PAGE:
Forecasting for dollars
Improved wind forecasts aim to bolster power grid efficiencies.
Though we may know wind is coming within a 24-hour period, what time, how strong it will be or how long it will last are often unknowns.
For those caught in sudden gales, the matter can be an inconvenience. For the renewable energy industry, a vague weather forecast can translate to lost dollars.
A recent $2.5 million grant from the U.S. Department of Energy (DOE) to a coalition of organizations including CU-Boulder aims to boost wind forecast models, making wind predictions—and energy production from turbines—more reliable and efficient.
Advances could not only set up wind farms and power grid operators to be more successful, they also could lead to lower costs for consumers and strengthen nationwide efforts to transition to more low-carbon sources of electricity.
“We’re skilled at predicting that there will be significant increases or decreases in wind speed, but we have a lot of challenges anticipating the exact timing and magnitude,” said Julie Lundquist, an assistant professor in the Department of Atmospheric and Oceanic Sciences and the CU-Boulder lead on the DOE project.
The grant is led by Vaisala, an international company based in Finland with offices in Louisville, Colorado, that specializes in environmental and industrial measurements.
Other partners include the National Center for Atmospheric Research (NCAR) in Boulder, the Louisville office of Lockheed Martin, Texas Tech University, the University of Notre Dame and the environmental consulting firm Sharply Focused, of Portland, Oregon.
The research ahead is made even more formidable by the fact that the large group of scientists and technicians involved are zeroing in on some of the most complex terrain in which to forecast wind, the Columbia River Gorge region of Washington and Oregon, where thousands of wind turbines are already deployed.
“Weather patterns in and around mountains, canyons, gorges and coastlines are difficult to predict,” said Lundquist. “So if we can fix the models and improve their performance in challenging areas like the Columbia River Gorge, then we should also improve their performance in easier locations.”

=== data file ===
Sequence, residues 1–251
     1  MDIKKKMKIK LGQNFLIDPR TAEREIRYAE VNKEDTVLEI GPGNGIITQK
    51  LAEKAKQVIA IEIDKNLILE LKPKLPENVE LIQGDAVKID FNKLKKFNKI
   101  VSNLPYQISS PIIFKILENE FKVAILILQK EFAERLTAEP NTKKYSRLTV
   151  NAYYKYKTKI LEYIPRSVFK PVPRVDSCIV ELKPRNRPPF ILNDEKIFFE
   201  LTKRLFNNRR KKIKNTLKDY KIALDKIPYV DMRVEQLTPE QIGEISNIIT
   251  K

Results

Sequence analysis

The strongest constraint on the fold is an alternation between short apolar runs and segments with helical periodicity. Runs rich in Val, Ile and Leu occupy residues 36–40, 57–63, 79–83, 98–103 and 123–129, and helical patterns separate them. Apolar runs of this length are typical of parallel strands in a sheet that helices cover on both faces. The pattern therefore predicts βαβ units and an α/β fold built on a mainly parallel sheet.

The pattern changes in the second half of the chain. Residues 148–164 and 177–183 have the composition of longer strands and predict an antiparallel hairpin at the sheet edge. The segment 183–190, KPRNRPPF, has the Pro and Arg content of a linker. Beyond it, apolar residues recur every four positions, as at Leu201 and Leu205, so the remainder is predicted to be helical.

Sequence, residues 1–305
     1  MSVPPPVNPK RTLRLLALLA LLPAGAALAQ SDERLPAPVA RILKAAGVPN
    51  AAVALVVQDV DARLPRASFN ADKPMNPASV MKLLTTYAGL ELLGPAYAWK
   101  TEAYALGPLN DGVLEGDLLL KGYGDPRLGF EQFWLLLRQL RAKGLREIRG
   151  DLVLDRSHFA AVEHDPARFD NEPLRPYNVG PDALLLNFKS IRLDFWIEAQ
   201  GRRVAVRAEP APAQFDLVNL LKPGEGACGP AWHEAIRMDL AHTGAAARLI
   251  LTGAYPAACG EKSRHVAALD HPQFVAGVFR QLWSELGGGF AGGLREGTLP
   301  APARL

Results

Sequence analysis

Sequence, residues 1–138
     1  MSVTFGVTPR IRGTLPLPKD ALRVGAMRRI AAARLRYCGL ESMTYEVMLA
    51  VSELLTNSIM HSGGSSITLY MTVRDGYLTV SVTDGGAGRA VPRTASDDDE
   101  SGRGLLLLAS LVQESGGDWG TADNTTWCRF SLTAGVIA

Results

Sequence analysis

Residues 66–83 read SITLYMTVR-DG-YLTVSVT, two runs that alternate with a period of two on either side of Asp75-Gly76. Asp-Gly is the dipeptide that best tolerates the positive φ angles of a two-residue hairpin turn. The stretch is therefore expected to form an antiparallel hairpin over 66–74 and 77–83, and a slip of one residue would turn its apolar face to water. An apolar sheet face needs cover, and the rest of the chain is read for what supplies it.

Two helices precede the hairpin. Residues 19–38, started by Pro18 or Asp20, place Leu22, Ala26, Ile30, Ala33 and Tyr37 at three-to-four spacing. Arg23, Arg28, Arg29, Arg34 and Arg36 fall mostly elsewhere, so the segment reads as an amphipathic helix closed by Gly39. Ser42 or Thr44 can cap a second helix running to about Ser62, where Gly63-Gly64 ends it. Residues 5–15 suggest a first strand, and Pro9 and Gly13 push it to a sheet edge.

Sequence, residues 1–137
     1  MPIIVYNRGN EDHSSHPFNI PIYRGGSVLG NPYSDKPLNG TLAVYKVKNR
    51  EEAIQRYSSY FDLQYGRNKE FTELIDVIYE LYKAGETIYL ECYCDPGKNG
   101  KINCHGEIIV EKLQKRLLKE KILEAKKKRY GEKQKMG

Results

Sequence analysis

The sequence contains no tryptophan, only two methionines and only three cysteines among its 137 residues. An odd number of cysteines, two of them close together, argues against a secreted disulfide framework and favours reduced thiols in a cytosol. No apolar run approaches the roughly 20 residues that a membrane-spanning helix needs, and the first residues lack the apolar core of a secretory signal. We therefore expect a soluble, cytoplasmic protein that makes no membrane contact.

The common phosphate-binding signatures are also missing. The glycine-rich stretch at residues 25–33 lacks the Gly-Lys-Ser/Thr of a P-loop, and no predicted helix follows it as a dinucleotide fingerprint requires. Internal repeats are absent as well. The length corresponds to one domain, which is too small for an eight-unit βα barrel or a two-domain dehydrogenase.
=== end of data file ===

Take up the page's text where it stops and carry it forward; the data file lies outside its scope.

Armed with hefty super-computing power, the researchers will tackle the complex terrain by using a high-resolution technique to look at weather patterns there. Using advanced meteorological equipment, they’ll be able to examine what’s happening in a small area, such as a half-mile section as opposed to a 13-mile section.
Additionally, the researchers will run models more rapidly—every hour—to compare projected and actual atmospheric conditions, making corrections to data along the way for better forecasting accuracy.
CU-Boulder graduate students are participating in the research, and project measurements will also be incorporated into Lundquist’s undergraduate class, Wind Energy Meteorology.
Scientists from the National Oceanic and Atmospheric Administration (NOAA), the National Renewable Energy Laboratory (NREL) and CU-Boulder’s Cooperative Institute for Research in Environmental Sciences (CIRES) also are participating in the research.
“In order to address challenges with the wind, we also have to address other aspects of the weather,” said Lundquist. “We hope to improve representations of other physics that are applicable to other industries such as transportation and recreation.”